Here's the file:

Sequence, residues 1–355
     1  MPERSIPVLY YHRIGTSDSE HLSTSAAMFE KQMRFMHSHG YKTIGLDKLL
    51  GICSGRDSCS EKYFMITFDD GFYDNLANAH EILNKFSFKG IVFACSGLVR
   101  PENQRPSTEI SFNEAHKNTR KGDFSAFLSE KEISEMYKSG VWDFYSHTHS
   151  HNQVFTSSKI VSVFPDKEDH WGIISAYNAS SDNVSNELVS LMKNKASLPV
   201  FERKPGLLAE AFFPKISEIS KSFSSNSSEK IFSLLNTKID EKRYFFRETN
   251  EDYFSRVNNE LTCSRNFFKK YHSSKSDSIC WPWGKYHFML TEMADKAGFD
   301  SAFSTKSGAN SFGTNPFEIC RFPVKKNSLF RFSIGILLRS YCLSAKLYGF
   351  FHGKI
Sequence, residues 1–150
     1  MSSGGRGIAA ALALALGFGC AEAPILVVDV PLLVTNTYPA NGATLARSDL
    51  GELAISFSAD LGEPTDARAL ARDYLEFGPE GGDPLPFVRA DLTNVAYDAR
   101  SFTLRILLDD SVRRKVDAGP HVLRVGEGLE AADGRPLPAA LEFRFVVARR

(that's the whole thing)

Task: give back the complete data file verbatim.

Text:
Sequence, residues 1–355
     1  MPERSIPVLY YHRIGTSDSE HLSTSAAMFE KQMRFMHSHG YKTIGLDKLL
    51  GICSGRDSCS EKYFMITFDD GFYDNLANAH EILNKFSFKG IVFACSGLVR
   101  PENQRPSTEI SFNEAHKNTR KGDFSAFLSE KEISEMYKSG VWDFYSHTHS
   151  HNQVFTSSKI VSVFPDKEDH WGIISAYNAS SDNVSNELVS LMKNKASLPV
   201  FERKPGLLAE AFFPKISEIS KSFSSNSSEK IFSLLNTKID EKRYFFRETN
   251  EDYFSRVNNE LTCSRNFFKK YHSSKSDSIC WPWGKYHFML TEMADKAGFD
   301  SAFSTKSGAN SFGTNPFEIC RFPVKKNSLF RFSIGILLRS YCLSAKLYGF
   351  FHGKI
Sequence, residues 1–150
     1  MSSGGRGIAA ALALALGFGC AEAPILVVDV PLLVTNTYPA NGATLARSDL
    51  GELAISFSAD LGEPTDARAL ARDYLEFGPE GGDPLPFVRA DLTNVAYDAR
   101  SFTLRILLDD SVRRKVDAGP HVLRVGEGLE AADGRPLPAA LEFRFVVARR